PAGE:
WA: Whoops is gone, but power worries aren't

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Whoops is gone, but power worries aren't

Wednesday, July 12, 2000


WHAT? AN ENERGY crisis? An electricity shortage?

Well that should be easy enough to solve. All we need to do is build a bunch of generating plants.

Oops. Or rather, whoops. We tried that once. And we're still paying for it.

Whoops is not just an expression, or a way to pronounce an acronym. I

A bit of a synopsis here for those who came in late: Whoops, actually WPPSS, is a shorthand reference to the Washington Public Power Supply System and its overly ambitious plan in the late 1970s to build five nuclear power plants in response to warnings that the region's electricity surplus was almost used up. A recession hit the region, cutting demand; construction costs got out of hand; and increased rates to pay for those costs proved something that experts hadn't believed possible -- that power consumption was not inelastic, meaning that demand did vary according to price.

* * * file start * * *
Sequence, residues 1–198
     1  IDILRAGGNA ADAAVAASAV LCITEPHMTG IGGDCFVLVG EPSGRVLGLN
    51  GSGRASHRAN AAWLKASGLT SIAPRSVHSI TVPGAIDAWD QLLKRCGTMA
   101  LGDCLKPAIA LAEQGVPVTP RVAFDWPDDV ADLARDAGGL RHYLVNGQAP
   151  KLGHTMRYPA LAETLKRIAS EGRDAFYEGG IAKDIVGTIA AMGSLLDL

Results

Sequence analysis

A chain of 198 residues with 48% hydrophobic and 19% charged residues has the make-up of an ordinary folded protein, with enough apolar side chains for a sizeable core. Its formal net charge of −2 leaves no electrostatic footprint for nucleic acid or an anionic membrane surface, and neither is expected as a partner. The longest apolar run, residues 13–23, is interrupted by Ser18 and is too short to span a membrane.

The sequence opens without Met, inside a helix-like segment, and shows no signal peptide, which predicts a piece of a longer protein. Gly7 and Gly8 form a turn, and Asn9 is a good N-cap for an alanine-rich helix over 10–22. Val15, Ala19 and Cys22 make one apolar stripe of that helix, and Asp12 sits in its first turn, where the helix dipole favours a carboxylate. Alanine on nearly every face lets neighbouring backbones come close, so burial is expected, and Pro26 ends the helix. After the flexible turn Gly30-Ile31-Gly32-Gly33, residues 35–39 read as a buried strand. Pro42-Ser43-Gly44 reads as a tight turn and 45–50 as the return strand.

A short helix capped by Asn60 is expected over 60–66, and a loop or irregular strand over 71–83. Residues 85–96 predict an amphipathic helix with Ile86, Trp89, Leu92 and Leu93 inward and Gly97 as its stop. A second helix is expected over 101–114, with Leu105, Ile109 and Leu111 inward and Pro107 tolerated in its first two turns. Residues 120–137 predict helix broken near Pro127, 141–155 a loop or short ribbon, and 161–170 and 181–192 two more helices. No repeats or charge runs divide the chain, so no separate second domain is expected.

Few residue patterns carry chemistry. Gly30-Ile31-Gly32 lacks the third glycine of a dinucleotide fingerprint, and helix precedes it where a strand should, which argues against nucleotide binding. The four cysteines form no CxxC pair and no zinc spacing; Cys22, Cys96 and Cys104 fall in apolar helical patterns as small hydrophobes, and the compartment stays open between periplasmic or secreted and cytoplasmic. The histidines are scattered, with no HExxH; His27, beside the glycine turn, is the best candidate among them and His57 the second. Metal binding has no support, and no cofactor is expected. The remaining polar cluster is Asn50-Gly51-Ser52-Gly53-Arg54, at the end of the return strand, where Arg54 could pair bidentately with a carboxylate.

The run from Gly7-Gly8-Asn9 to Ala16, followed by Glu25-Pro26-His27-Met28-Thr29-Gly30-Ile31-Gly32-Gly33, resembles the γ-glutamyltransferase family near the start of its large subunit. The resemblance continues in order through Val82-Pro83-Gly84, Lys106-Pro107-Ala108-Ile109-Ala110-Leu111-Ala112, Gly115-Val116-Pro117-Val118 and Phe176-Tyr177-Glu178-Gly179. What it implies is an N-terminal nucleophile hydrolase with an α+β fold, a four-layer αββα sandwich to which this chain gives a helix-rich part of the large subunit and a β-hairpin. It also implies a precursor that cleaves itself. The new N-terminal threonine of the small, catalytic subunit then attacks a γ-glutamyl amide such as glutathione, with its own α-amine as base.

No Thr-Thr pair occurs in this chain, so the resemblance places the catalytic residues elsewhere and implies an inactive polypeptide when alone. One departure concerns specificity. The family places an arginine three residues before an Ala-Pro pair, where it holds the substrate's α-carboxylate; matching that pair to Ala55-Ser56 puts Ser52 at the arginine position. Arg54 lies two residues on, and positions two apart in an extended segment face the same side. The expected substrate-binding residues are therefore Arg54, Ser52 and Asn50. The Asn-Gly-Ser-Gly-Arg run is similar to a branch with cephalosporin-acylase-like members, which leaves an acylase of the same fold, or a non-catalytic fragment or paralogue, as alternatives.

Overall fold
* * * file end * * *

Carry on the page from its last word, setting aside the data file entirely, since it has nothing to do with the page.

The result: Only one of the five plants was ever built. WPPSS defaulted on the bonds for two of the plants, producing what was, at least at the time, the biggest municipal bond default in the nation's history. Those two massive cooling towers you see at Satsop, on the highway to Aberdeen-Hoquiam, are a concrete monument to that ugly episode.

But those towers, and the debt that wasn't defaulted on, aren't the only legacies of WPPSS. So, too, is the air of wariness about spending billions on new generating capacity that isn't needed, or when cheaper alternatives might be available. So, too, is a regional mechanism for planning that is supposed to ward off another debacle.



-- Martin Thompson (mthom1927@aol.com), July 14, 2000

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